At least 39 people were killed during the heavy rains and subsequent flooding that hammered Eastern Kentucky at the end of July. In addition to the lives lost, the devastating inundation and accompanying debris destroyed cars, homes, and other infrastructure. It could be months before utilities like water and electric are fully restored to parts of the state, according to Kentucky Governor Andy Beshear.
Now, a group of the survivors are hoping to hold a mining company accountable for its possible role in the devastation. Fifty-nine residents of the unincorporated community of Lost Creek, Kentucky have signed onto a lawsuit against Blackhawk Mining and the company’s local subsidiary, Pine Branch Mining.
The plaintiffs, many of whom are now homeless, claim that the mining operations and Blackhawk’s negligence contributed to the severity of the flooding and the damages they’ve suffered as a result. Blackhawk did not immediately respond to Gizmodo’s phone and email requests for comment.
The suit was filed on Monday, according to Breathitt County Circuit Court records obtained by Gizmodo and initially reported on by NBC News.
Blackhawk conducts surface mining operations in Perry, Knott, and Leslie counties in Eastern Kentucky, which border Breathitt. The Pine Branch complex is a group of open pit mines that sit about 6.5 miles away from Lost Creek. The coal mine is uphill and upriver from the valley community along Caney Creek, which flows into the North Fork Kentucky River.
The specific allegations in the complaint include that Blackhawk failed to properly maintain its waste retention ponds from its mining operations at Pine Branch. The plaintiffs claim that those artificial containment systems, known as silt ponds, didn’t work or drain like they were supposed to amid the heavy rains. Overflow from the silt ponds reportedly exacerbated the flooding and added mine waste and contaminating sediments into the already dangerous mix.
From the lawsuit:
Plaintiffs state that, based on information they have received, Defendants operated a number of silt ponds which failed due to the fact that they were improperly maintained and improperly constructed. The failure of the silt ponds caused debris and excessive water to flow onto the Plaintiffs’ properties and caused damages.
Then there’s the broader issue of how surface mining can worsen erosion, flooding, and runoff. Removing all of the forest cover on a mountain ridge leaves the land unable to absorb rainfall like it used to, and bare land means there’s nothing to hold soil back from flowing downhill along with the water. In some cases, hydrologists have determined that mining can increase runoff more than 1,000 times, according to a report from Inside Climate News.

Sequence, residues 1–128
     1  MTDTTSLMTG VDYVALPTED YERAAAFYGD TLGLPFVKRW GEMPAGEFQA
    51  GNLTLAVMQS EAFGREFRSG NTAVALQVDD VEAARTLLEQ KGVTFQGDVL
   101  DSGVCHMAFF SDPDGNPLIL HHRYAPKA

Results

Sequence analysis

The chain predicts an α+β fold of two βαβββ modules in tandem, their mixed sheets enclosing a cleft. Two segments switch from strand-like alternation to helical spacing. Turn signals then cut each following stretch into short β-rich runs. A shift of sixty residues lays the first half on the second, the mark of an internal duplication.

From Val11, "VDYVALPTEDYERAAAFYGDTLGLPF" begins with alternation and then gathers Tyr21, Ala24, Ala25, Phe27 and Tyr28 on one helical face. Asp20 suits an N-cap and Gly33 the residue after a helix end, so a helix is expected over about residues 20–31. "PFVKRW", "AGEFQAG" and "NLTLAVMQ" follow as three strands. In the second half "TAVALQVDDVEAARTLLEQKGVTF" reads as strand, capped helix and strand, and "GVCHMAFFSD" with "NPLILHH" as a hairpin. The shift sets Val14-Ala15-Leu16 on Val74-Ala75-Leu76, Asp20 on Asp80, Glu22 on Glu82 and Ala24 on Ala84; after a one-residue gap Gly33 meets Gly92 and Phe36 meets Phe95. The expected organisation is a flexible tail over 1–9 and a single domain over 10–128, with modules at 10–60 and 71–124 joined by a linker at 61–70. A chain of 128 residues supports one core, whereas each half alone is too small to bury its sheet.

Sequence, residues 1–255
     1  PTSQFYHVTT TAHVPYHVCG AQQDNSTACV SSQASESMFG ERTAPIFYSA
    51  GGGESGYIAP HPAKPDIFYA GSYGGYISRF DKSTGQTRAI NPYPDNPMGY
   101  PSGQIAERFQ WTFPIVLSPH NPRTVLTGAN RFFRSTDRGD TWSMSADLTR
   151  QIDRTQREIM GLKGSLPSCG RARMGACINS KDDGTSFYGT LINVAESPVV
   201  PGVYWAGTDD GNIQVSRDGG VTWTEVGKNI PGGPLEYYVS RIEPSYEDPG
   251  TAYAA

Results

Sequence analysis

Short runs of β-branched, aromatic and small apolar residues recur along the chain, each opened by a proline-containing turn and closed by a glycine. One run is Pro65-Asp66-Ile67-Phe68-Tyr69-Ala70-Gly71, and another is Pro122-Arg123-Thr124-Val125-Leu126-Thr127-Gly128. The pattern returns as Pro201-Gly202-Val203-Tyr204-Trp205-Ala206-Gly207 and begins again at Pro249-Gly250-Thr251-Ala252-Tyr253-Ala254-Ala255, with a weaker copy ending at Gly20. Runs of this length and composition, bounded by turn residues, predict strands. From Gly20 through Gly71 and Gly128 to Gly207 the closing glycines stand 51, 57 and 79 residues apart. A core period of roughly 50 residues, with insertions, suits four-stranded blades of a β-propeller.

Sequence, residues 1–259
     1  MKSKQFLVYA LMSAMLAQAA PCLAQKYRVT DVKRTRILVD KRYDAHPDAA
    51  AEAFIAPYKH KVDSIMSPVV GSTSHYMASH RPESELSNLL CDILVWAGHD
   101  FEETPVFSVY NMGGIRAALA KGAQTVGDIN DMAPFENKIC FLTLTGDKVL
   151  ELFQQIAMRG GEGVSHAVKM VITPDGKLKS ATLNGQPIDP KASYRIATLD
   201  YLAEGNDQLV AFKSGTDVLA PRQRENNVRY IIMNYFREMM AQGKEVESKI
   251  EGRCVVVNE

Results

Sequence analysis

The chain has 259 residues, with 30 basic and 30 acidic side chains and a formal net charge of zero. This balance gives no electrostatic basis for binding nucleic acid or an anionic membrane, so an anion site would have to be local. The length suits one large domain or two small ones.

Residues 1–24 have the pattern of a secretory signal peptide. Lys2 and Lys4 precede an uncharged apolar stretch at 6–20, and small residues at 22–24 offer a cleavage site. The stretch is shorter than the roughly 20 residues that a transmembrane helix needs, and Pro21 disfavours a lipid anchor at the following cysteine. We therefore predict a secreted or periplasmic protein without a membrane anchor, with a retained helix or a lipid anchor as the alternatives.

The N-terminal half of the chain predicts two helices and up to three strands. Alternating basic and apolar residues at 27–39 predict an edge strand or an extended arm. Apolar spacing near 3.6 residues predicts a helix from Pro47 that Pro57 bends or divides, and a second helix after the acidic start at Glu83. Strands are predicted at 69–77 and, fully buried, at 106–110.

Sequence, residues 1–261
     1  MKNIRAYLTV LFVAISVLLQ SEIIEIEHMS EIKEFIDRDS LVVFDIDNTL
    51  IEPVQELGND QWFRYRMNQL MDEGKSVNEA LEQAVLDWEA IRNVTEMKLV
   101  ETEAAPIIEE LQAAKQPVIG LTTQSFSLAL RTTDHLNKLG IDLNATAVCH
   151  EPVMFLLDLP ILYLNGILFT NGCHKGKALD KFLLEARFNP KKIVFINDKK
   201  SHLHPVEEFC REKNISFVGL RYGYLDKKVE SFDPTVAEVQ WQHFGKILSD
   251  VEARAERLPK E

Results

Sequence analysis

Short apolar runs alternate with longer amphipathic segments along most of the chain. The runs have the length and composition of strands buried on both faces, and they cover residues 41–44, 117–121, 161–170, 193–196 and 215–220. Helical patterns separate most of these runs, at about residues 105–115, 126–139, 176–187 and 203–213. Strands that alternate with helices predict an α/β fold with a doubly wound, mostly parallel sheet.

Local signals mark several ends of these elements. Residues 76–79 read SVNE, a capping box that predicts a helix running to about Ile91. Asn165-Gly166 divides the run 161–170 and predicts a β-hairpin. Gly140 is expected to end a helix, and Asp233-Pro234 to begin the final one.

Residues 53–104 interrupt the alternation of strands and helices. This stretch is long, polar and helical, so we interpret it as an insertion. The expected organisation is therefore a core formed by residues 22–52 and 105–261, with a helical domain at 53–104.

Kentucky law requires mining companies to try to remediate their environmental impacts by doing reclamation—things like filling in pits, grading the land, and re-planting trees. Yet the new complaint alleges that Blackhawk failed to comply with these state regulations on its mining properties.
From the lawsuit:
The Defendants have numerous mining operations in Eastern Kentucky and are well aware of the danger posed by having partially reclaimed or unreclaimed mining operations above populated areas. The Defendants knew that the mining and standard of care violations...are ticking time bombs, ready to explode with any type of heavy rainfall. Their knowing and deliberate indifference to the safety and property rights of the Plaintiffs as described elsewhere in this Complaint therefore subject them to punitive damages.
This week’s lawsuit is the first to emerge against a coal company following last months floods, according to NBC, but it isn’t the first of its kind. Cambrian Coal, another mining company, settled in a very similar 2010 lawsuit over another instance of flooding in Eastern Kentucky. That more-than-decade-old suit was led by the same attorney, Ned Pillersdorf, as the new one. Of the new action, Pillersdorf told NBC, “We need to give these people hope. I’m really worried about the economic state of these people. It just economically devastated so many.”
Finally, though the suit doesn’t specifically mention climate change, it’s hard to ignore the overarching link between fossil fuel extraction and increasing flooding in the region. Past research has shown that human-caused climate change is increasing the incidence of severe weather and flooding in the Southeast U.S. There’s no published scientific evidence as of yet that the July floods, specifically, can be attributed to climate change, but multiple experts agree it was a factor.
Presumably, all that coal mined from Pine Branch went on to be burned for fuel. Those subsequent emissions became part of the ongoing accumulation of greenhouse gases in the atmosphere. And ultimately, that greenhouse gas buildup is what’s contributing to the shifts in rain and temperature patterns that are making extreme weather more frequent.
You can read the full text of the lawsuit here: